* It’s perfectly safe * There are dangerous side effects
* It’s reasonably priced. * It’s outrageously expensive
* It’s a godsend. * It’s pure quackery.
Indeed, one of my oldest friends, a doctor, was so irrational on the subject that he threatened to end our close relationship if what he heard about me was true-that I perform chelation therapy at my clinic.
How can this be? How can two well-trained, intelligent, and caring groups of medical people have such completely and totally opposite points of view? Chelation either works or it doesn’t. It’s safe or it isn’t. We either have scientific proof of its effectiveness or we don’t. The pros and the cons can’t both be right, Right?
Well, you may be confused, But I’m not. I don’t much care what the scientific community has to say- I Know that chelation works. And I know that it’s safe. The only real question is whether or not it’s right for you, and it’s my job to give you all the information you need in order to make that decision. That’s why I decided to write this special report.
What, exactly, is chelation therapy?
Chelation therapy has long been approved of and used by most physicians as a treatment for heavy metal poisoning, especially lead and mercury poisoning. A man-made amino acid called EDTA is administered into the veins. (EDTA is the abbreviation commonly used for the longwinded full name of this substance-ethylenediamine tetraacetic acid.) The EDTA chelates, or seeks out and binds to, the heavy metal ) chelate means clawlike), creating a new compound that can be flushed out of the body through the kidneys and urine.
Unlike bypass surgery, which is limited to aiding only heart functioning, chelation therapy has the potential of enhancing the entire circulatory system by cleansing all of the vessels and organs in your body.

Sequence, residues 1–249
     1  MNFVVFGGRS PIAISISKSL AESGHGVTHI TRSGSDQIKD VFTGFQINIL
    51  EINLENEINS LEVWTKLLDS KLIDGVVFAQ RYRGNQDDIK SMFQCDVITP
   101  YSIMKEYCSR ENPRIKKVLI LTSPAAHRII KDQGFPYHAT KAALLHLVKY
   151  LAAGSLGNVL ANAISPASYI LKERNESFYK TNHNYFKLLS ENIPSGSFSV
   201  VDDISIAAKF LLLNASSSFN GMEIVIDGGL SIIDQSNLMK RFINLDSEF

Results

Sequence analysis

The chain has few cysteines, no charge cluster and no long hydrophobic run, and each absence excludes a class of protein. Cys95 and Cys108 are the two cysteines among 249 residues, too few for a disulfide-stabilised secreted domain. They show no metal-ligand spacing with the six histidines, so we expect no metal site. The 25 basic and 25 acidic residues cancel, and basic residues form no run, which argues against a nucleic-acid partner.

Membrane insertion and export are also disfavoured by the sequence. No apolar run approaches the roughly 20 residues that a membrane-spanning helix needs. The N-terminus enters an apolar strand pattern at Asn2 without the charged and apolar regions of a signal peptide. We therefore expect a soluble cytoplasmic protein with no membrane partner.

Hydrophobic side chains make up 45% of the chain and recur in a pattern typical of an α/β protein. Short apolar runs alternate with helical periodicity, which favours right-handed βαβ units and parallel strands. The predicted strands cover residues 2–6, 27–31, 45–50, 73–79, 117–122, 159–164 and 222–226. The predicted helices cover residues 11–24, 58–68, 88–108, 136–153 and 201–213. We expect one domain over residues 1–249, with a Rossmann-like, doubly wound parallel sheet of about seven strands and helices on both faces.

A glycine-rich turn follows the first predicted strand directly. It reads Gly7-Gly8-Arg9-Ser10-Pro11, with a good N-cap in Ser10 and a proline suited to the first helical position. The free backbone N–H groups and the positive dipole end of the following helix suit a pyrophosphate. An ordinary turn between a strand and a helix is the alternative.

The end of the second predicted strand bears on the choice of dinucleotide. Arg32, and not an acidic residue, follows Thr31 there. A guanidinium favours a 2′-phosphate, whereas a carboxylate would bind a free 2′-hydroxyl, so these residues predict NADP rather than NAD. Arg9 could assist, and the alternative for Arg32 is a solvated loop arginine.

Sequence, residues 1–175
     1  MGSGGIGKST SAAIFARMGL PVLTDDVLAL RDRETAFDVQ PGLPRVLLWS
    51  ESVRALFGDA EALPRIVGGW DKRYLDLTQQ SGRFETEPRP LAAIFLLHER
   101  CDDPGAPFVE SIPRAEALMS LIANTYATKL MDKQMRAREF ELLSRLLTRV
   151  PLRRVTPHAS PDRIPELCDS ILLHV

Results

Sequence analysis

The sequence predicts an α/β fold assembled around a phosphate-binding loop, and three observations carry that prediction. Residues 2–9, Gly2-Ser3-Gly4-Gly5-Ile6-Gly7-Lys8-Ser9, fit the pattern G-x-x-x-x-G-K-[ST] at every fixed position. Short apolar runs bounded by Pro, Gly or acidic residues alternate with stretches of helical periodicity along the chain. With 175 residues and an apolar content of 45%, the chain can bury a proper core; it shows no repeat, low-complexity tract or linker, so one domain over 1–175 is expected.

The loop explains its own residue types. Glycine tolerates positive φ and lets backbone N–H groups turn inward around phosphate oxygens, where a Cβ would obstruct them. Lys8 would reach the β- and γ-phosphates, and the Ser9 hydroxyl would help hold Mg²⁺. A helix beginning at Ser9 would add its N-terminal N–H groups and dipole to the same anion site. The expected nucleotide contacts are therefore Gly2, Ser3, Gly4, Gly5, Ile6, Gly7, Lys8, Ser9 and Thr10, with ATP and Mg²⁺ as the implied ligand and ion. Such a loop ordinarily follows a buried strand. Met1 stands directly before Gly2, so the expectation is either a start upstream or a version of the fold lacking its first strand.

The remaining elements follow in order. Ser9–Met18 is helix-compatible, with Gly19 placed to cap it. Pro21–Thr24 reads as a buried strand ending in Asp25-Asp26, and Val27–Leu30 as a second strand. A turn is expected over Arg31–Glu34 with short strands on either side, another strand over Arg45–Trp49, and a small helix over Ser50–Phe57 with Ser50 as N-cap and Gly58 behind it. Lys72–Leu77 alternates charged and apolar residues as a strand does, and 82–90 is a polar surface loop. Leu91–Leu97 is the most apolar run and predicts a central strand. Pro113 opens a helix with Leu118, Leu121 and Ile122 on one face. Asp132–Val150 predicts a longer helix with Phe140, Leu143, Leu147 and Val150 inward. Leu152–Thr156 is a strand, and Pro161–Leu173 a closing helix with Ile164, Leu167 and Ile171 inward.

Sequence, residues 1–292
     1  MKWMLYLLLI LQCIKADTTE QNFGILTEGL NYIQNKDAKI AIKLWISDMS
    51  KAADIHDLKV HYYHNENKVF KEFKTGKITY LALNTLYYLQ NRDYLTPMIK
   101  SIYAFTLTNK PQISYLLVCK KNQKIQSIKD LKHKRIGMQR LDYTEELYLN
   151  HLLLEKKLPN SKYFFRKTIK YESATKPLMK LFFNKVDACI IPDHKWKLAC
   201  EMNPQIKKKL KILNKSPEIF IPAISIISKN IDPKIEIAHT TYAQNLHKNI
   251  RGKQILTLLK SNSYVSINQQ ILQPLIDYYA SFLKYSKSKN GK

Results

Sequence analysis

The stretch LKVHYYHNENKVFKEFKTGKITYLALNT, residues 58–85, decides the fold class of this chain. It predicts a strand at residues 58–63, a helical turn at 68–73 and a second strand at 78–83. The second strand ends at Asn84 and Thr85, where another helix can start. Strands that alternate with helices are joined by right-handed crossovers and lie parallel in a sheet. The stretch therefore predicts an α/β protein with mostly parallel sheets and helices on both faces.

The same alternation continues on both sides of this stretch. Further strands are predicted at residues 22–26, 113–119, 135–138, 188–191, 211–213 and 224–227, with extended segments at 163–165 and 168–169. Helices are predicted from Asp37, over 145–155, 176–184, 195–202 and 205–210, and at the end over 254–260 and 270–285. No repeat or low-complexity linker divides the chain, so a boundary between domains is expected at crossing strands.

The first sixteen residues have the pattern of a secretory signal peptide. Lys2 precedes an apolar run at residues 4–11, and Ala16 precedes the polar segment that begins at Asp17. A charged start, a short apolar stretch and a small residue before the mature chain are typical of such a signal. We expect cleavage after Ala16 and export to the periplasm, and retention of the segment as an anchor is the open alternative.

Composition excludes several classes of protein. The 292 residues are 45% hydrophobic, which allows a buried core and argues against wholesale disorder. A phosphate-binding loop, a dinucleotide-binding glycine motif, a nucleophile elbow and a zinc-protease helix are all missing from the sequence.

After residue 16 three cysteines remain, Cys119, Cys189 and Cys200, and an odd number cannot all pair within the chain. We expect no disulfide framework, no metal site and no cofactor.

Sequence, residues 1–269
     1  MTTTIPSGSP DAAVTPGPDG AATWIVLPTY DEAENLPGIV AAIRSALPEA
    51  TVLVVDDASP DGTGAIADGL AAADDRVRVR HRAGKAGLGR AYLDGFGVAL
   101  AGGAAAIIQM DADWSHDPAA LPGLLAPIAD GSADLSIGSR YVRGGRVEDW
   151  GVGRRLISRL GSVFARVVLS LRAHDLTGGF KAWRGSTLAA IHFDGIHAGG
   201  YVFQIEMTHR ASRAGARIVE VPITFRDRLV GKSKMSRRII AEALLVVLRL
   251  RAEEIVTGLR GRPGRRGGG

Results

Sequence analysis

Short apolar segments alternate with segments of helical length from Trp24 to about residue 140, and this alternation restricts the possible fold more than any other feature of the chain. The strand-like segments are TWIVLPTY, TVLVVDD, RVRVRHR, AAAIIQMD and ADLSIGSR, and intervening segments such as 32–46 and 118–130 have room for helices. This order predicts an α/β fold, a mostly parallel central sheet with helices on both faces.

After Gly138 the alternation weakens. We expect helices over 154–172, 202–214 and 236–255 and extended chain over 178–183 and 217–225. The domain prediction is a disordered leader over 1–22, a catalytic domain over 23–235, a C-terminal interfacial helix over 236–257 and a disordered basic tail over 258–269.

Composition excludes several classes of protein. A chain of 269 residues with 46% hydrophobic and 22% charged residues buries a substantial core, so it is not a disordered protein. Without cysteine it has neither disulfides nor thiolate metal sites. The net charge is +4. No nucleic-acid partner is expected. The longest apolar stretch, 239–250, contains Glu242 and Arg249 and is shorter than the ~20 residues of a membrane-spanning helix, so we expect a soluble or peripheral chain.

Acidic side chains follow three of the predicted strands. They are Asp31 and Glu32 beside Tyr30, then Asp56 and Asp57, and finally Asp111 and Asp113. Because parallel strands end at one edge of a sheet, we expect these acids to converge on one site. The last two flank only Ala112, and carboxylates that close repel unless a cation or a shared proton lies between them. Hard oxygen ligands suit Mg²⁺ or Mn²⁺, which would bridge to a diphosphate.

There’s no controversy here. It’s only when chelation is used as at treatment for atherosclerosis that the bareknuckled attacks begin.
A modern discovery in the tradition of the best old-time folk cures
The idea that chelation might do more than cure lead poisoning surfaced back in the 1950’s. Additional benefits of EDTA were discovered the same way the remarkable healing powers of certain herbs and plants were discovered by folk healers throughtout history-by observation.
According to Elmer Cranton, M.D., a longtime chelation advocated and author of Bypassing Bypass: The New Technique of Chelatoin Therapy, patients chelated for lead poisoning noticed that they felt better after their treatments. Those who also had atherosclerosis reported that they were now able to walk longer distances and had less chest and leg pain. Even those with angina said they could exert themselves more without discomfort.
A handful of researchers took notice. They theorized that because EDTA also binds to calcium-a component of atherosclerotic plaque-it might be able to break down and shrink the buildup inside arteries. This would improve circulation and reduce heart-disease symptoms and leg pain.
This makes perfect sense when you consider that the body’s own cleansing system is often already weakened before the heart shows symptoms, due to artherosclerotic plaque in the kidney vessels. According to Serafina Corsello, a chelation practitioner in Huntington, New York, “by regulating the amount of EDTA and adding vitamin C to repair tissues, we can clean out the little vessels of the kidneys. Then we can increase the amount of EDTA and ultimately clean the whole vascular system: the heart, kidneys, liver, pancreas, and brain.” While bypass surgery treats the symptoms of the disease, chelation therapy goes straight to the heart of the matter.